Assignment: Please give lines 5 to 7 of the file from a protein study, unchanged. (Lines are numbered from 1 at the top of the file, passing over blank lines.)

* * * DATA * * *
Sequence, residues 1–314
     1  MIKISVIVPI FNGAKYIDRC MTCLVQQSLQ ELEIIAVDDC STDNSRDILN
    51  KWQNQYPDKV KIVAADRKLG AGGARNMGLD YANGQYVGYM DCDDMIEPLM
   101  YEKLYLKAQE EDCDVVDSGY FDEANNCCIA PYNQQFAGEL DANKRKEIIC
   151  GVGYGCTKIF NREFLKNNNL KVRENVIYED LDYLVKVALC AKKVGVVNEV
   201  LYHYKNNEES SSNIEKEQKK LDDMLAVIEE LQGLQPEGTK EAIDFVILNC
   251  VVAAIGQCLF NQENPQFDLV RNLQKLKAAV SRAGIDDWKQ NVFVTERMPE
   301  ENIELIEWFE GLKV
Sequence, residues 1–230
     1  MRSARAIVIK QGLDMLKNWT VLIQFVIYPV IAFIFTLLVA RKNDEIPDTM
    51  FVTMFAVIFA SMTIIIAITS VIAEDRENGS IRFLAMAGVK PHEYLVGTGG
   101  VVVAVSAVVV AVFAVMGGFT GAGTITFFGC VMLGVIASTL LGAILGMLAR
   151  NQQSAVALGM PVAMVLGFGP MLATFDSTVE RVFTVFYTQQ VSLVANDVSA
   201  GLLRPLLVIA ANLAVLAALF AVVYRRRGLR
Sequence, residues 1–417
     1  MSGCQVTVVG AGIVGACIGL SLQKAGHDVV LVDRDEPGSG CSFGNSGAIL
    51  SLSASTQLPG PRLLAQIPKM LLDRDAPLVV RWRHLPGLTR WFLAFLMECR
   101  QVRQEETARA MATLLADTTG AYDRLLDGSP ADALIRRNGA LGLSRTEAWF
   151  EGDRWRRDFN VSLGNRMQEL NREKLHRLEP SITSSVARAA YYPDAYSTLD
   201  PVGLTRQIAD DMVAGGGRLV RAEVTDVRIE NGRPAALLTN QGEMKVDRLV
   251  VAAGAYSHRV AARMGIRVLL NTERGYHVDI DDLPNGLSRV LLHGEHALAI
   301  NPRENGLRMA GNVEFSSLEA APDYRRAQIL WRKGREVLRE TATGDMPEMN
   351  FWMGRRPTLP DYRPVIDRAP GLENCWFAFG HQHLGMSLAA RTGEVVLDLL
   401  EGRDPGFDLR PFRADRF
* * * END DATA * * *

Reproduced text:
   151  GVGYGCTKIF NREFLKNNNL KVRENVIYED LDYLVKVALC AKKVGVVNEV
   201  LYHYKNNEES SSNIEKEQKK LDDMLAVIEE LQGLQPEGTK EAIDFVILNC
   251  VVAAIGQCLF NQENPQFDLV RNLQKLKAAV SRAGIDDWKQ NVFVTERMPE